Should I Put RV Antifreeze in the Black Water Tank?

It is always a good idea to put antifreeze in all the tanks of your RV, especially when the black water tank is under consideration. It is where all the waste water s collected and toilet water is flushed.

If the black tank is not treated with antifreeze, it could choke the whole drainage system and render the toilets and flush system completely useless.

When adding antifreeze to the black water tank, repeatedly flush the toilet and sinks to ensure proper flow of the solution into all the important areas and valves of the system. Just like the fresh and grey water tanks, flush and drain the black tank before you reuse your RV for the next trip.

Different Types of RV Antifreeze

There are different types of RV antifreeze in the market and one should which one is ideal for them and which one to choose when shopping for RV winterization.

Propylene Glycol

It is one of the most common types of RV antifreeze available and is non-toxic in the formulation. Usually green in color, this antifreeze is ideal for storage purposes and acts as a lubricant as well, hence preventing any damage to the metal parts and valves.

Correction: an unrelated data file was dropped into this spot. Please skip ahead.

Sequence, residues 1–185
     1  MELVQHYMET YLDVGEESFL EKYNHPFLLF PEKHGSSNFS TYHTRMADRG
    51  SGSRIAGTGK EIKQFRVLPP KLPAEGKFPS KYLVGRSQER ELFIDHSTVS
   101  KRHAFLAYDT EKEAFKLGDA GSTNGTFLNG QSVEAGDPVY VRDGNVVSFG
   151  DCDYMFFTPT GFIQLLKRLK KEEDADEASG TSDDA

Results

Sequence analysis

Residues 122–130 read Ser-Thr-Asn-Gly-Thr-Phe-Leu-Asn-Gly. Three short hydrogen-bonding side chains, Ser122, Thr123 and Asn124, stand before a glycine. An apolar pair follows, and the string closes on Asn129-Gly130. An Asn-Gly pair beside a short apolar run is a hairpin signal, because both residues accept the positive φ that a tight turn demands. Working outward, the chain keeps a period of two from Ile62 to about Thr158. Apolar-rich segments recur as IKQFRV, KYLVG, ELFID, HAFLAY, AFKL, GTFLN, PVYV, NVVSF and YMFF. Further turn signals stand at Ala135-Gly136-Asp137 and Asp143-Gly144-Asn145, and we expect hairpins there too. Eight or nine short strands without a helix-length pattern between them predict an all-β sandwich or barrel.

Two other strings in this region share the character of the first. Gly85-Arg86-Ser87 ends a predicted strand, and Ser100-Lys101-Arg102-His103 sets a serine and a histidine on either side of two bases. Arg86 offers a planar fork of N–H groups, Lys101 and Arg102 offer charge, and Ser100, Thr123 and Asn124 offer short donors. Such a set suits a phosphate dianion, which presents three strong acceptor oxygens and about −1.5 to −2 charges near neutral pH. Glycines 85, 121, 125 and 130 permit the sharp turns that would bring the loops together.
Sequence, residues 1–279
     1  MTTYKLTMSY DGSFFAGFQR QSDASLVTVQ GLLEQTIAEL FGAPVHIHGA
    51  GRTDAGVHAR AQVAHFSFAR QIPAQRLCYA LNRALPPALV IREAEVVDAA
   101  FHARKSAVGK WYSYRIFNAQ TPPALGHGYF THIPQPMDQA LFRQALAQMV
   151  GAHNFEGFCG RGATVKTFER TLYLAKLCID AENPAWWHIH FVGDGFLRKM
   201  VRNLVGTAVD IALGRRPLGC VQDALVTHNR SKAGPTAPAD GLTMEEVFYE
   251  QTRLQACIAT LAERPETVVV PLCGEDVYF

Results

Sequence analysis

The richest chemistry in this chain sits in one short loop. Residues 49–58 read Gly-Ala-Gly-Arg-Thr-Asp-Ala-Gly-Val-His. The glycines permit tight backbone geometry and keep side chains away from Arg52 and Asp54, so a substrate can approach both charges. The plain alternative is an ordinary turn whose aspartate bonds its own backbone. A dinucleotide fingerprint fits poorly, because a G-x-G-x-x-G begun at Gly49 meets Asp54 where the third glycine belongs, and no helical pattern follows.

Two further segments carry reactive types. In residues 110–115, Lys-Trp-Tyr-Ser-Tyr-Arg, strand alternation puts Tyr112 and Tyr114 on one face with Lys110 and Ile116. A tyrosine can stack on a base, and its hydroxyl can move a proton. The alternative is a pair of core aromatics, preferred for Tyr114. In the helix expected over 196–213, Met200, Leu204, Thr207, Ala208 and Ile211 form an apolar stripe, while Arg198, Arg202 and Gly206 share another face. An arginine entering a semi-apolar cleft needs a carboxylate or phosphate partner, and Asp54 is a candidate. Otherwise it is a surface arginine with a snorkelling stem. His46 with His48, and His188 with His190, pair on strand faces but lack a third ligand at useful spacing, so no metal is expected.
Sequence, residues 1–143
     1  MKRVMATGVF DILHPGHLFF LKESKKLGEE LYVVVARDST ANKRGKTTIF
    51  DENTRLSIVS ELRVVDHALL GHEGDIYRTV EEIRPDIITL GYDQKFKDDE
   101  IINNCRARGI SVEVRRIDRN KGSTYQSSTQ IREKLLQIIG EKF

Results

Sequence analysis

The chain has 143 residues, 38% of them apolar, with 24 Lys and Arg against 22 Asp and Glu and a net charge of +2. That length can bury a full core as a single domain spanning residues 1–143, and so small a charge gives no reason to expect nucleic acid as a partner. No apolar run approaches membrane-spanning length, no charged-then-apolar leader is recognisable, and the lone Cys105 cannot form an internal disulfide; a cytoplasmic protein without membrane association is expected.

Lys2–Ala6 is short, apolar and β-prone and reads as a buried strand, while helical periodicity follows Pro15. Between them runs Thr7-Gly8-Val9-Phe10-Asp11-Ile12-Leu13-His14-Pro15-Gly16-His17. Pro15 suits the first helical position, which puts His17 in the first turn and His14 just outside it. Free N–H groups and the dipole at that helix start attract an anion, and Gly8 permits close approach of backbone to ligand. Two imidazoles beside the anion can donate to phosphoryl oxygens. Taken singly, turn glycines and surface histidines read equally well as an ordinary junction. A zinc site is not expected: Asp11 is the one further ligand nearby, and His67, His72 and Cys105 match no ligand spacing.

These types of antifreeze solutions are more common than propylene glycol but are toxic in nature. Pink in color, these are the top choice of RV owners who like to camp in winter and want guaranteed protection. These are not safe for human consumption and should be carefully flushed after being used, especially if the kids are also on board.


These are the best RV antifreeze available and also the latest. Non-toxic and long-lasting, these can be used for both storage and active camping. Blend type of RV antifreeze is purple in color and becoming popular among RV owners quickly.

Can I Dilute an RV Antifreeze?

Although the best way of using an RV antifreeze is to add it 100% concentrated to the tanks but if you’re traveling in not-so-cold temperatures and planning to store it for a short while, you can dilute it.

The general formula for diluting an RV antifreeze is 60:40, with 60 parts being antifreeze and 40 parts being water. This keeps its ingredients active and reduces its toxic effects.


Antifreeze for RVs is a crucial component in winterizing your RV. It’s essential to apply the proper RV antifreeze solution and to properly winterize your RV by following the directions. To winterize an RV like a pro, you’ll typically need 2 to 5 gallons of antifreeze treatment, and if you plan to live in your motorhome over the winter, you’ll need around 1 gallon of it every day.

+ posts

Ever since I was a kid, I've been fascinated by travel. I inherited this passion from my parents. Since my college years and to this day, I have had a passion for traveling in a motorhome. I am here to share my experiences with you.

We will be happy to hear your thoughts

Leave a reply

RV Camp Gear
Enable registration in settings - general